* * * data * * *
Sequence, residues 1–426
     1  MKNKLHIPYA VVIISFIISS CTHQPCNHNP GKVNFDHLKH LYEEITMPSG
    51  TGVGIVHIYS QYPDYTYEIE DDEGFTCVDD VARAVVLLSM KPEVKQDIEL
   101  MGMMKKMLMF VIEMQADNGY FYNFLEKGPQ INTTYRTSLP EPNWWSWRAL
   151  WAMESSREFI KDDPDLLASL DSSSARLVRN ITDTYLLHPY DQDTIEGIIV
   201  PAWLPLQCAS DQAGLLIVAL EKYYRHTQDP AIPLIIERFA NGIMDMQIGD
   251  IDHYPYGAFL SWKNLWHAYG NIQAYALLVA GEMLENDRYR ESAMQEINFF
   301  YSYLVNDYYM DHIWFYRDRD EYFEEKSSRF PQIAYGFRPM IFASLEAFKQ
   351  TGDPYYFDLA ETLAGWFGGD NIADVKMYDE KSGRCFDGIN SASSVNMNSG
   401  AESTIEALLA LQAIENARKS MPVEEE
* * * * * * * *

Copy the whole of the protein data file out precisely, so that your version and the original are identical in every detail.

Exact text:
Sequence, residues 1–426
     1  MKNKLHIPYA VVIISFIISS CTHQPCNHNP GKVNFDHLKH LYEEITMPSG
    51  TGVGIVHIYS QYPDYTYEIE DDEGFTCVDD VARAVVLLSM KPEVKQDIEL
   101  MGMMKKMLMF VIEMQADNGY FYNFLEKGPQ INTTYRTSLP EPNWWSWRAL
   151  WAMESSREFI KDDPDLLASL DSSSARLVRN ITDTYLLHPY DQDTIEGIIV
   201  PAWLPLQCAS DQAGLLIVAL EKYYRHTQDP AIPLIIERFA NGIMDMQIGD
   251  IDHYPYGAFL SWKNLWHAYG NIQAYALLVA GEMLENDRYR ESAMQEINFF
   301  YSYLVNDYYM DHIWFYRDRD EYFEEKSSRF PQIAYGFRPM IFASLEAFKQ
   351  TGDPYYFDLA ETLAGWFGGD NIADVKMYDE KSGRCFDGIN SASSVNMNSG
   401  AESTIEALLA LQAIENARKS MPVEEE